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Unplanned pregnancies are at a 30-year low — and IUDs are mostly to thank

Unintended pregnancies fell 18 percent between 2008 and 2011 — the steepest decline in decades — and it's largely because women are choosing better, more effective birth control.

Since the 1980s, the nonprofit Guttmacher Institute has tracked how many women unintentionally became pregnant. And up until 2008, the number hovered between 49 and 59 unintended pregnancies per 1,000 women ages 18 to 44.

The 2011 data shows a marked change. There were 45 unintended pregnancies per 1,000 women, which is the lowest number the group has ever recorded.

"You see it across all demographics; it's just a pretty sharp drop," says Lawrence Finer, a co-author of the study and the director of domestic research at the Guttmacher Institute.

The story, Finer says, is clear: Women are picking better, more effective birth control. Since 2007, researchers have seen a sharp rise in long-acting reversible contraceptives (LARCs), such as intrauterine devices and implants. These forms of birth control last for years once inserted and prevent pregnancy for more than 99 percent of users. That helps explain why they're a big part of the story behind America's plummeting unintended pregnancy rate.

IUD use has nearly tripled since 2007. That's a huge part of the story.

LARCs like IUDs and implants are amazingly, fantastically good at preventing pregnancy — better than any other available birth control. The fact that usage of these contraceptives has nearly tripled since 2007 is a huge part of why unintended pregnancies are dropping.

Birth control pills and patches, which have to be taken regularly, are susceptible to human error. LARCs are different. Once inserted, they last for at least three years without any work on the patient's behalf.

The birth control pill, one of the most common forms of contraception, has a 6 percent failure rate. So out of 1,000 women taking birth control pills, 60 will become pregnant in a typical year. Among women who use an IUD, that number will be between two and eight (depending on the type of IUD they use). For implant users, 0.5 of every 1,000 users will get pregnant in a given year.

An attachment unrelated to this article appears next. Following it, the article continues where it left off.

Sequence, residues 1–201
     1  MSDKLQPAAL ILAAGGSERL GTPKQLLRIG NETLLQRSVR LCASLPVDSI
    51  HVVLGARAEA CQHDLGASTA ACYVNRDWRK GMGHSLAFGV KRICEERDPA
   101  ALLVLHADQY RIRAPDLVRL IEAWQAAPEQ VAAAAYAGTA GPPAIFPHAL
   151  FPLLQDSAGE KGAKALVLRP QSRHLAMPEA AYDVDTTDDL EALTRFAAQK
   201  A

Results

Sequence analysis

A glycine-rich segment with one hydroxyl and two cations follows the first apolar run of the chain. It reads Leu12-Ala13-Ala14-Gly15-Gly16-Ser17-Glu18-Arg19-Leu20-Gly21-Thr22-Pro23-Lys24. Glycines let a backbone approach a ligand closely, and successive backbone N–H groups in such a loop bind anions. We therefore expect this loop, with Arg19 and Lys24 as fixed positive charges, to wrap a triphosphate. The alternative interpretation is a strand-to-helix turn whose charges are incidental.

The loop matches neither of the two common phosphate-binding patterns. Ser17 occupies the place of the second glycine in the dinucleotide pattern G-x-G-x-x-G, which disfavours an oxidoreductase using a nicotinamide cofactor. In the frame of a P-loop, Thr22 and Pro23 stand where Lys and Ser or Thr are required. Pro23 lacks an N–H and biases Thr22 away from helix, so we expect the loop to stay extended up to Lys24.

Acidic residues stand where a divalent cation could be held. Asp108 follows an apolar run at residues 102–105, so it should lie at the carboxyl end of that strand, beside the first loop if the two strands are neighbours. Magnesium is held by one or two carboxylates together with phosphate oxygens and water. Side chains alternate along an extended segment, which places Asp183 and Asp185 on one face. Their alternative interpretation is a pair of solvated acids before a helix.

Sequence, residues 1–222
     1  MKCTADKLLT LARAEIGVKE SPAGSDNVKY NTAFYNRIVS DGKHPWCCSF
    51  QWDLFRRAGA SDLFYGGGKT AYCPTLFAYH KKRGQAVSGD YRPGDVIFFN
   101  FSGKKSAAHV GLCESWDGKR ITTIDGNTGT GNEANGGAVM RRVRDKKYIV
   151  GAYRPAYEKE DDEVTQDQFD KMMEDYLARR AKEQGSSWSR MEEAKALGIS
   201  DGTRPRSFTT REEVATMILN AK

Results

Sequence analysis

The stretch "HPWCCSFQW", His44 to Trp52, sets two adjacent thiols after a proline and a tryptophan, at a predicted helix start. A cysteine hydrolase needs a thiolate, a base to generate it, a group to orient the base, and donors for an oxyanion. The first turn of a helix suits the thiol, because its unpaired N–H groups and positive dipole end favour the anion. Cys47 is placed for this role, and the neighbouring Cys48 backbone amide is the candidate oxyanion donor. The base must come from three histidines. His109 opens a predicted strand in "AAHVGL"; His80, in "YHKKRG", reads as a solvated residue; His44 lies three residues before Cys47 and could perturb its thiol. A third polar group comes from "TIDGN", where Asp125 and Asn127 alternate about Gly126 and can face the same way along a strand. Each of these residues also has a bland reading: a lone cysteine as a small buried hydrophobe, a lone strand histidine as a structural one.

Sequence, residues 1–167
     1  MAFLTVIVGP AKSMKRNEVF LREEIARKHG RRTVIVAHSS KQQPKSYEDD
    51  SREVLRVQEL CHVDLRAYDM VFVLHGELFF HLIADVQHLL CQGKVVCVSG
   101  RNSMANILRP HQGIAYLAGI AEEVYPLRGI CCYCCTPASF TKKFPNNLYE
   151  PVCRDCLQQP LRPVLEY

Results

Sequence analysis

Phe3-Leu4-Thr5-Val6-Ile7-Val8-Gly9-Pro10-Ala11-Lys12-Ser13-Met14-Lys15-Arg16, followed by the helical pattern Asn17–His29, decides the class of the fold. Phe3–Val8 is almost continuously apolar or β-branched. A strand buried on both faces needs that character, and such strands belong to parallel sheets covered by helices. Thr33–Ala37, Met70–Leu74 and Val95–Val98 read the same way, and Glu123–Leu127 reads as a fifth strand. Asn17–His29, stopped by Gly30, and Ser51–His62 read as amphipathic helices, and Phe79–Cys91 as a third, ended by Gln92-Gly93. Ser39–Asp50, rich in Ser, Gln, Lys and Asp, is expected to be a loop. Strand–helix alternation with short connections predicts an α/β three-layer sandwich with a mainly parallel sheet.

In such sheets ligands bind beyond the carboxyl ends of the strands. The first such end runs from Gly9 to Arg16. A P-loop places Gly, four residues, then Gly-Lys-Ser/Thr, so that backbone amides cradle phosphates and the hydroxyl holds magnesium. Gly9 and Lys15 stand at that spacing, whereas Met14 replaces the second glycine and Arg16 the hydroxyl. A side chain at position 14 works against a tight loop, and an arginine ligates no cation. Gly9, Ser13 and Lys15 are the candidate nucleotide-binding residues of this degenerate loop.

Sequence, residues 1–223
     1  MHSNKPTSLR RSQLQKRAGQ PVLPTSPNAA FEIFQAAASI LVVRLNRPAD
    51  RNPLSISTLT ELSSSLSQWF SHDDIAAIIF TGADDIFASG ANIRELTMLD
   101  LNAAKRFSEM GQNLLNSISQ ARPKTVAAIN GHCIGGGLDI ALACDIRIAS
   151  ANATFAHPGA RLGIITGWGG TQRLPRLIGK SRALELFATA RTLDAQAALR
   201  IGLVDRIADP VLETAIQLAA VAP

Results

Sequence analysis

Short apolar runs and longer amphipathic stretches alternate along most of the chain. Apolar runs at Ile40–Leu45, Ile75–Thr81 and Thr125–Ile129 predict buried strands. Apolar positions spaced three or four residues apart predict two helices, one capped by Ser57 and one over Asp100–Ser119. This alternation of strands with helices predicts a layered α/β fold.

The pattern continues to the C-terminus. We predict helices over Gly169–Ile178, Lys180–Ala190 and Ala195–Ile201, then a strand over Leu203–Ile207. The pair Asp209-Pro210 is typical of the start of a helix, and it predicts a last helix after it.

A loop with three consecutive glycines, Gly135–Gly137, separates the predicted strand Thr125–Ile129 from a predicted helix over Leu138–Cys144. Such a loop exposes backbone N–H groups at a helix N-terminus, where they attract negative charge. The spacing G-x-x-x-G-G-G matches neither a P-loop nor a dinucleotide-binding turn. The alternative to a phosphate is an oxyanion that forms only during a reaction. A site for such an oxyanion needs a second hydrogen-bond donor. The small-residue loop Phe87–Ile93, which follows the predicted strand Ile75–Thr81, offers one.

LARCs still aren't the most popular type of birth control in the United States. But usage has increased significantly, from 3.7 percent of birth control users choosing IUDs or implants in 2007 to 11.6 percent in 2012.

That change coincides pretty well with the decline in unintended births, which is why researchers believe these more effective contraceptives are largely to thank.

The big mystery: Why did birth control patterns change when they did?

What drove the rise of LARCs is still a bit of a mystery. It's true that Obamacare expanded access to these types of birth control, by expanding insurance and eliminating copayments for all contraceptives. But the health care law didn't pass until 2010, and its insurance expansion didn't start until 2014. LARC usage began to rise well before then.

Professional medical groups like the American College of Obstetricians and Gynecologists have increasingly endorsed LARCs as the best birth control in official policy statements. ACOG, for example, put out a practice bulletin that recommended LARCs as the "first-line" contraceptive choice for adolescents in 2012. But again, that change and others only happened after LARCs were on the rise.

Finer says it's possible one important factor might be the introduction of new types of LARCs in recent years, which were more appealing to women. In 2000, Bayer introduced the IUD Mirena. Unlike prior IUDs, which tended to make periods heavier, Mirena actually decreased menstrual bleeding. That could have made IUDs more attractive to patients.

Doctors may have, at the same time, become more informed as they fielded more questions from their patients about LARCs.

"There is a growing understanding that the IUD and other long-acting methods can be used by a wide variety of women, including young women," Finer says. "Those were groups [who] in the past ... weren't really considered the right patients."

Why unintended pregnancies will probably keep dropping

One of the biggest obstacles to LARC use, historically, has been price. Planned Parenthood has estimated that IUDs can cost between $500 and $900 out of pocket. Insurance plans tended to charge patients more for IUDs than for birth control pills, just because the devices have such high upfront costs.

Obamacare is changing that in two ways. The law's insurance expansion means millions more Americans now have coverage, and that will help pay their medical bills. Additionally, Obamacare mandates that insurers cover all contraceptives at no cost to patients. This means that insurers can't charge patients more for an IUD because the device costs more than birth control pills.

There's already evidence that this regulation has lowered financial barriers to LARCs. A 2015 study in the journal Health Affairs found that Obamacare's birth control mandate reduced out-of-pocket spending on IUDs by $248 per patient.

Finer expects something of a "snowball effect" to happen with LARCs: As more women use them, and talk to their friends about their experience, others decide to change contraceptives — and don't face an economic barrier in doing so.

"People now know others who have gotten IUDs and like them," Finer says. "And when they go to the doctor, they're going to have access to a range of options."

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